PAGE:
The happiness trap


People’s obsession with happiness is getting even more bizarre. I’ve been observing it for a while, and I find it absurd. They treat happiness as if it’s underwear or maybe a sock. They pull it out of a drawer in the morning, wear it all day like a pair of comfy cotton panties, and when they get back home, they just throw the happiness in the laundry basket. Then they start all over again. Like maniacs.

I go on Instagram, and every third post is a version of the same message: “Always be happy”. It really is absurd! God, even looking at this twisted culture of never-ending happiness is exhausting. And I find it dangerous, too. In reality, every mania is dangerous. I scroll down through various grinning faces, comfortably tucked into their cotton happiness panties. They strictly follow the instruction to always be happy. That’s how you fit in, right? So, they are happy in photos, on their way to work, in the supermarket, clutching an avocado, in their Instagram post about yoga, on the metro, and everywhere else…

Damn, am I the only person who is visibly unhappy? I can’t do this constant happiness, and it gets even worse when everyone keeps going on about it. Of course, now I also feel guilty for not fitting in with the maniacal always-be-happy cult. But as it turns out, no happiness can be pulled out of my drawers. Not in the socks drawer, nor in the underwear one. Or maybe the problem lies in the cult?

I would define this cult as a “Happiness Trap”. First, it teaches people how to turn happiness into a necessity. Then, how to deprive it of its uniqueness and of its function to appear from time to time. Finally, happiness becomes some ordinary impersonal daily routine. Our culture says that all this is normal. And just like that, it’s now normal to always be happy? I suspect people forget exactly what happiness looks like, and they can no longer distinguish it because the trap has clicked shut.

Once in it, their expectations and beliefs get distorted. They go crazy with the idea of being happy 24/7. No one tells you how to achieve this. Because it’s technically impossible, I would suppose. The human mind simply doesn’t work this way. Still, this new mass illusion is the perfect way to make your mind define you as an unhappy creature caught in the quest for everyday happiness. Another paradox of humanity.

I’d rather define happiness as a strong shot. Life’s twists and turns take you to a bar, and you hit a shot of happiness, it burns you, it makes you dizzy, then you move on. I think this is the better way of experiencing it. You can’t have shots of happiness all the time. You will become drunk, living in a fog, where everything merges. We need balance. That is how the universe works, and this mass illusion is like being constantly switched to high voltage. So it’s logical that you’ll burn out in the end. And this is what actually happens – people burn out.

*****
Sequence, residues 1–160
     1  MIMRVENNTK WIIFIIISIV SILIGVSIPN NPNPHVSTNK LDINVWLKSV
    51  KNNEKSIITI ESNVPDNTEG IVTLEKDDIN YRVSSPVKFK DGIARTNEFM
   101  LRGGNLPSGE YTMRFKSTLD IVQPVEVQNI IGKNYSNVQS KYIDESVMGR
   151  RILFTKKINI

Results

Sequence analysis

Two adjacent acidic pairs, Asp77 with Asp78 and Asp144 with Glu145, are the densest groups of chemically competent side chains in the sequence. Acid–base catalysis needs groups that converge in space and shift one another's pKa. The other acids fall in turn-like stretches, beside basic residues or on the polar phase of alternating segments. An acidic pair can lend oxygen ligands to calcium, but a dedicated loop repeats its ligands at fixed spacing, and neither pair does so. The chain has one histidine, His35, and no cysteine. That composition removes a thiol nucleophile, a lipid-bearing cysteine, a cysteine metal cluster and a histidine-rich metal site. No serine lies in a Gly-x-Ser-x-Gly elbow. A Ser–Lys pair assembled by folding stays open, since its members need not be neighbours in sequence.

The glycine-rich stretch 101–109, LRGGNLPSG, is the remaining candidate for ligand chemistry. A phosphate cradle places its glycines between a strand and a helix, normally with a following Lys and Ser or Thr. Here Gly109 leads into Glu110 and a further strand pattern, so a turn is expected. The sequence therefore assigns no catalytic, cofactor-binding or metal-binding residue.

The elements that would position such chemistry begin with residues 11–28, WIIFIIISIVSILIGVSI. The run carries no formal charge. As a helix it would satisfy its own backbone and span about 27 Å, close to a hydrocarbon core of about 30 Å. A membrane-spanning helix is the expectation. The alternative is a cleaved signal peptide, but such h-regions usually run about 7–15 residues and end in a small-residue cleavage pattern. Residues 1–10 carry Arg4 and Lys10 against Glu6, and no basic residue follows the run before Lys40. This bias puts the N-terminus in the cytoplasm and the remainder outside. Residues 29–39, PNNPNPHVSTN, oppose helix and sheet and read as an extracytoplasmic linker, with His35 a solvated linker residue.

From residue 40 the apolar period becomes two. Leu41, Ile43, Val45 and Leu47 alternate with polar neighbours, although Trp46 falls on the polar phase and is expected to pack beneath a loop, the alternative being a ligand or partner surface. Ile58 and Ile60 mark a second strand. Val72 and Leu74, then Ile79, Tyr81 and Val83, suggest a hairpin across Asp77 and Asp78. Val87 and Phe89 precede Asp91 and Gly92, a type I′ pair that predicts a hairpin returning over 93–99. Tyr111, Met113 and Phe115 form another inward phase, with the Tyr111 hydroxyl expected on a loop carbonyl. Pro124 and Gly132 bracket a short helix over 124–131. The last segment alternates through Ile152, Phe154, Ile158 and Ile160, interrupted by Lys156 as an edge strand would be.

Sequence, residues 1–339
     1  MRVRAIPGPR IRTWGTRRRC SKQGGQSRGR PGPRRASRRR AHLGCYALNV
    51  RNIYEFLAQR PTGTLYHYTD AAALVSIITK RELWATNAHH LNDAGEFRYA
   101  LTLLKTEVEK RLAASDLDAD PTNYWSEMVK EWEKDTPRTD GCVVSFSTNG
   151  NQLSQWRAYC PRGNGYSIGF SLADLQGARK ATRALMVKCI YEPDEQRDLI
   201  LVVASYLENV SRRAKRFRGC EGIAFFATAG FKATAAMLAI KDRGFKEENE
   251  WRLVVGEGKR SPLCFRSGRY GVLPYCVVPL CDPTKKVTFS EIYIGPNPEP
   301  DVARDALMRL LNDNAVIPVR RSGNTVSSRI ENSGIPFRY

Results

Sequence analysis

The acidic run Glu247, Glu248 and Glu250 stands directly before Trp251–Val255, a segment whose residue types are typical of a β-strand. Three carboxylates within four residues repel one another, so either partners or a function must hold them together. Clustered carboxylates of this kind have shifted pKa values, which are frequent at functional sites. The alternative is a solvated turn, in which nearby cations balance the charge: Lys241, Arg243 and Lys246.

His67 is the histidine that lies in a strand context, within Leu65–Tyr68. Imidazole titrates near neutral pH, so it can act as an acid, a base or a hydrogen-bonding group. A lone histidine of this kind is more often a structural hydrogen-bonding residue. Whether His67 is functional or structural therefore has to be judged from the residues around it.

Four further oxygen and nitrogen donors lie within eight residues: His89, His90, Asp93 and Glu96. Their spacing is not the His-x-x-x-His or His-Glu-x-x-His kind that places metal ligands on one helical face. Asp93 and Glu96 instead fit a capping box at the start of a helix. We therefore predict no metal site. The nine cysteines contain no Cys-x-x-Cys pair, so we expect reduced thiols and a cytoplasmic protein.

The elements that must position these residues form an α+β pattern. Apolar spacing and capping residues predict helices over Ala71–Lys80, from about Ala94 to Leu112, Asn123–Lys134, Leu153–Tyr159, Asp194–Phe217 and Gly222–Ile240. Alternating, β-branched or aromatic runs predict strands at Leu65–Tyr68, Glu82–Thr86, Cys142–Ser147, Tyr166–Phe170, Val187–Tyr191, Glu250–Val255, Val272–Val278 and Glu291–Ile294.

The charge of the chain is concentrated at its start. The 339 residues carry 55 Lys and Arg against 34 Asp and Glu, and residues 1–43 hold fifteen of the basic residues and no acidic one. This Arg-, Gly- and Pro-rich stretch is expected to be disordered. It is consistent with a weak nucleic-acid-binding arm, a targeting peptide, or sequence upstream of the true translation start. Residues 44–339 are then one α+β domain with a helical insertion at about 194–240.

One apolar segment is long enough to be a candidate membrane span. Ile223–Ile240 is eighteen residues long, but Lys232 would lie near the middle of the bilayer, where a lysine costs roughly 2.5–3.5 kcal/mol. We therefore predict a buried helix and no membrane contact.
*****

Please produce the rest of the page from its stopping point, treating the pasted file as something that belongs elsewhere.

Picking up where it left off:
There is another thing about the always-be-happy cult that I don’t get. I can’t think of a person who has made a significant change in life in a moment of happiness. But, on the contrary, it is precisely the times of hardness that help us understand who we truly are, and what our dreams and desires indeed are. The positive change – or at least the first steps – begins when people realise that they lack balance, true happiness is not there for them, or they have forgotten how to experience it. There is another thing that also confuses me. People strictly follow the instruction to be always happy, yet they keep looking increasingly unhappy. At least that’s what their facial expressions tend to show. Another paradox.

If I were better at communicating with people, I’d tell them: “Don’t be happy today and get the fuck out of that trap! You live in a fog!”. I guess they would just frown at me. They don’t like out-of-the-box points of view, and they’d rather avoid them because out-of-the-box can be stressful. Some people, however, manage to get out of the trap, even if it’s difficult. They change discourse and redirect their energy from the maniacal pursuit of everyday happiness, towards achieving true balance. I would also tell them something else. I would even shout it at the top of my lungs: “Don’t be happy today. Be balanced. Every second. Every minute. Every day”.

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